Grass Pass
A gorgeous hilly hike in the Highwood Valley


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The Grass Pass hike is a straightforward ascent up the south slope on the west edge of the Bull Creek Hills.
The trail is unofficial, but the route is clear.
The trail starts off moderate, then steadily ascends the hillside, first through the trees, then bursting into open meadows to the pass.
While the pass is not overly high, treeline is so low in the Highwood, that the pass enjoys great views.

Starting the hike in the late-spring mud.

Passing through stands of trees halfway up.

The last of the trees.

Hiking up to the pass.

The grassy hillside to the east.

We stopped at the pass for lunch, and some of the group decided to ascend the slope to the top of the short hill east of the pass.
One can continue up beyond that hill over a series of higher ones to make a 10km horseshoe around the Bull Creek Hills.

The group heading up the hillside.

Last bump to the top of this hill.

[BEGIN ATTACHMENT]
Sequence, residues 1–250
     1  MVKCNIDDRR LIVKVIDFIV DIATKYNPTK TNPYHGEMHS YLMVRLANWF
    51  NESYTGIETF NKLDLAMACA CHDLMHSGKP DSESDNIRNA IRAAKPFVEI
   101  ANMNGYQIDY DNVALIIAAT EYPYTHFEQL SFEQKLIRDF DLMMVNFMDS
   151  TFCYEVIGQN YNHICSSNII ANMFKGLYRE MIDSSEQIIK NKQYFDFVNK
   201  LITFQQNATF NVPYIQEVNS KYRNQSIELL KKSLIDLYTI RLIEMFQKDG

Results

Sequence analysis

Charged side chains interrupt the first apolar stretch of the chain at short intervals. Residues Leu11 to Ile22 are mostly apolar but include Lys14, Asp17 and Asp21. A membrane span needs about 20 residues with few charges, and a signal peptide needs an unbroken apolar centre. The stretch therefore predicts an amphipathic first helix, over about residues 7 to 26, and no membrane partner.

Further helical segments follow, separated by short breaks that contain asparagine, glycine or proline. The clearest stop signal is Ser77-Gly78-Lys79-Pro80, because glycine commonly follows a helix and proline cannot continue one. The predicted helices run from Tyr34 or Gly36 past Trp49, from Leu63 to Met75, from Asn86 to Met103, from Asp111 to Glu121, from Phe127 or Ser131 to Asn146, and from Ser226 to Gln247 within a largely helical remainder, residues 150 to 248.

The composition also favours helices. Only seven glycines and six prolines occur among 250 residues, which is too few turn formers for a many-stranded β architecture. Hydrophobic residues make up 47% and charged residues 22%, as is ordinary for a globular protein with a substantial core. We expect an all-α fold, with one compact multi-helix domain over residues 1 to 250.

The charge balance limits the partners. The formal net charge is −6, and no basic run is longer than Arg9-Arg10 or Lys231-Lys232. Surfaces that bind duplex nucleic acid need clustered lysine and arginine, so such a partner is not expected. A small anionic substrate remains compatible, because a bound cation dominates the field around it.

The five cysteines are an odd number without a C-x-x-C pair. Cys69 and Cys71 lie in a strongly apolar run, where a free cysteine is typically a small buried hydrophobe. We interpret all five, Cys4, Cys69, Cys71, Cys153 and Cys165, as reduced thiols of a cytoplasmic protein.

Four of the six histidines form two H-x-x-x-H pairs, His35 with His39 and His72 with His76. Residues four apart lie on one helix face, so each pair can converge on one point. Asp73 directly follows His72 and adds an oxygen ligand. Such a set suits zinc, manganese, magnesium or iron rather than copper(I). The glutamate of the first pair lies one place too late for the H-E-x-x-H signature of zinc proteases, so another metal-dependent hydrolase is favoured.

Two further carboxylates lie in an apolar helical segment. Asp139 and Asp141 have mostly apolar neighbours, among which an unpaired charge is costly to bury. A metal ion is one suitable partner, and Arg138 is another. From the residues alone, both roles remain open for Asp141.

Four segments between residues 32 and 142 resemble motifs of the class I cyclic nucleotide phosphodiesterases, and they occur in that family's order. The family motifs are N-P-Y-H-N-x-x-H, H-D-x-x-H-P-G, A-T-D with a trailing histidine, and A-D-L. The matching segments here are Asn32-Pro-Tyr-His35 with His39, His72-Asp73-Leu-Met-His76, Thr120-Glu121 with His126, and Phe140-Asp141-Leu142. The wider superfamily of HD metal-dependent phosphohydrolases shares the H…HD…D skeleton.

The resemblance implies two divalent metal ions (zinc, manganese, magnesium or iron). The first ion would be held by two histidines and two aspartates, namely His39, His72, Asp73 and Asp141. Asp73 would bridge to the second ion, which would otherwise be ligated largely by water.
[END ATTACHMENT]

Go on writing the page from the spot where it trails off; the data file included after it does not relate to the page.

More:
Looking down the ridgeline - this can also be walked.

View back to the pass.

A pano from the top of the hill, down to the pass and trails on both sides.

After lunch, we hiked through the pass to a lookout north to Holy Cross Mountain and beyond.
While you could hike for days in this direction, there's no reason for a day hiker to descend, but it's worth hiking 200m or so for the view.

Looking north of the pass.

Three-Flowered Avens and other flowers dot the hillside

A multitude of wildflowers ring the trail

Below this spur trail, the actual trail can be seen descending the pass.

The Highwood is also well-used by equestrians, and we saw two groups of riders on our day, who continued beyond our area.

Horses at the top of the hill.

A pair of riders head east to the Boundary Pine.

If you're not continuing over the hills, the return trip takes the same route - and an enjoyable route it is!

Starting back down from the pass.

Hiking in the last of the meadow.

The groups stays to the sides of the trail to avoid turning the hike into a slip&slide.

The creek takes over the trail in a few places, necessitating minor crossings.

Photos taken by Rachel

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